Authors

John W. Smith, National Surgical Adjuvant Breast and Bowel Project (NSABP) Foundation, Columbia River Oncology Program
Marc E. Buyse, International Drug Development Institute
Priya Rastogi, National Surgical Adjuvant Breast and Bowel Project (NSABP) Foundation, University of Pittsburgh Cancer Institute
Charles E. Geyer Jr., National Surgical Adjuvant Breast and Bowel Project (NSABP) Foundation, Virginia Commonwealth University Massey Cancer Center
Samuel A. Jacobs, National Surgical Adjuvant Breast and Bowel Project (NSABP) Foundation, University of Pittsburgh Cancer Institute
Erica J. Patocskai, National Surgical Adjuvant Breast and Bowel Project (NSABP) Foundation, Centre hospitalier de l'Université de Montreal
André Robidoux, National Surgical Adjuvant Breast and Bowel Project (NSABP) Foundation, Centre hospitalier de l'Université de Montreal
Alison K. Conlin, National Surgical Adjuvant Breast and Bowel Project (NSABP) Foundation, Western Oncology Research Consortium
Bilal Ansari, National Surgical Adjuvant Breast and Bowel Project (NSABP) Foundation, Community Clinical Oncology Program Northern Indiana Cancer Research Consortium
George P. Keogh, National Surgical Adjuvant Breast and Bowel Project (NSABP) Foundation, Roper St Francis Cancer Care
Philip J. Stella, National Surgical Adjuvant Breast and Bowel Project (NSABP) Foundation, Community Clinical Oncology Program (CCOP) Michigan Cancer Research Consortium Community
Howard M. Gross, National Surgical Adjuvant Breast and Bowel Project (NSABP) Foundation, Community Clinical Oncology Program (CCOP) Dayton
Raymond S. Lord, National Surgical Adjuvant Breast and Bowel Project (NSABP) Foundation,Community Clinical Oncology Program (CCOP) Kalamazoo, the West Michigan Cancer Center
Jonathan A. Polikoff, National Surgical Adjuvant Breast and Bowel Project (NSABP) Foundation, Kaiser Permanente
Celine Mauquoi, International Drug Development Institute
Eleftherios P. Mamounas, National Surgical Adjuvant Breast and Bowel Project (NSABP) Foundation, UF Cancer Center at Orlando Health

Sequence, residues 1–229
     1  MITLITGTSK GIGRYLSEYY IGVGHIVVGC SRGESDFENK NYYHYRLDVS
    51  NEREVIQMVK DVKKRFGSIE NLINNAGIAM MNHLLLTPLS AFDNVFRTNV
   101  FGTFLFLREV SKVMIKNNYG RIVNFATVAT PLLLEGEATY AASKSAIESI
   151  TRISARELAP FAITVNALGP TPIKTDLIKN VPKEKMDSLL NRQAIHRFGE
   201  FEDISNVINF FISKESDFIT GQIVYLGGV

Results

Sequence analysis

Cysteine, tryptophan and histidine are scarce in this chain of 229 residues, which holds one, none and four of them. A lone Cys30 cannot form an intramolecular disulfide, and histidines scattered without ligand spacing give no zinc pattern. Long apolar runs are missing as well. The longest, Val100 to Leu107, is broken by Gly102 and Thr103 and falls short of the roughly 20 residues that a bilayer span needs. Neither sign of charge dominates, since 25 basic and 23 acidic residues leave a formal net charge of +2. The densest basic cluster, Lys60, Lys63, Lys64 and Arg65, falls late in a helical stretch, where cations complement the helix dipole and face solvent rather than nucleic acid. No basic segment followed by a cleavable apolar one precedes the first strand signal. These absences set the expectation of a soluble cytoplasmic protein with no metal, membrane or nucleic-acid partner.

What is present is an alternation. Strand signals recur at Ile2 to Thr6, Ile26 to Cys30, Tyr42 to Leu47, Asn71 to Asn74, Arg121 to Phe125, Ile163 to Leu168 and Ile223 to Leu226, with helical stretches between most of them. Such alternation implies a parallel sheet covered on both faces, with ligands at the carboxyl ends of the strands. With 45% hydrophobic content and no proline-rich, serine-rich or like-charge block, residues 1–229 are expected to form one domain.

Sandra M. Swain, National Surgical Adjuvant Breast and Bowel Project (NSABP) Foundation, Washington Cancer Institute, Georgetown University Medical Center
Norman Wolmark, National Surgical Adjuvant Breast and Bowel Project (NSABP) Foundation, Allegheny Cancer Center at Allegheny General Hospital

Document Type

Article

Original Publication Date

2017

Volume

17

Issue

1

DOI of Original Publication

10.1016/j.clbc.2016.07.008

Comments

Originally published at https://doi.org/10.1016/j.clbc.2016.07.008

Date of Submission

June 2017

Abstract

Background

The purpose of this study was to determine the cardiac safety and clinical activity of trastuzumab and bevacizumab with docetaxel after epirubicin with cyclophosphamide (EC) in patients with HER2-positive locally advanced breast cancer (LABC) or pathologic stage 3 breast cancer (PS3BC).

Patients and Methods

Patients received every 3 week treatment with 4 cycles of EC (90/600 mg/m2) followed by 4 cycles of docetaxel (100 mg/m2). Targeted therapy with standard-dose trastuzumab with bevacizumab 15 mg/kg was given for a total of 1 year. Coprimary end points were (1) rate of cardiac events (CEs) in all patients defined as clinical congestive heart failure with a significant decrease in left ventricular ejection fraction or cardiac deaths; and (2) pathologic complete response (pCR) in breast and nodes in the neoadjuvant cohort. An independent cardiac review panel determined whether criteria for a CE were met.

Results

A total of 105 patients were accrued, 76 with LABC treated with neoadjuvant therapy and 29 with PS3BC treated with adjuvant therapy. Median follow-up was 59.2 months. Among 99 evaluable patients for cardiac safety, 4 (4%; 95% confidence interval [CI], 1.1%-10.0%) met CE criteria. The pCR percentage in LABC patients was 46% (95% CI, 34%-59%). Five-year recurrence-free survival (RFS) and overall survival (OS) for all patients was 79.9% and 90.8%, respectively.

Conclusion

The regimen met predefined criteria for activity of interest with an acceptable rate of CEs. Although the pCR percentage was comparable with chemotherapy regimens with trastuzumab alone the high RFS and OS are of interest in these high-risk populations.

Rights

© 2016 Elsevier Inc. All rights reserved

Is Part Of

VCU Massey Cancer Center Publications

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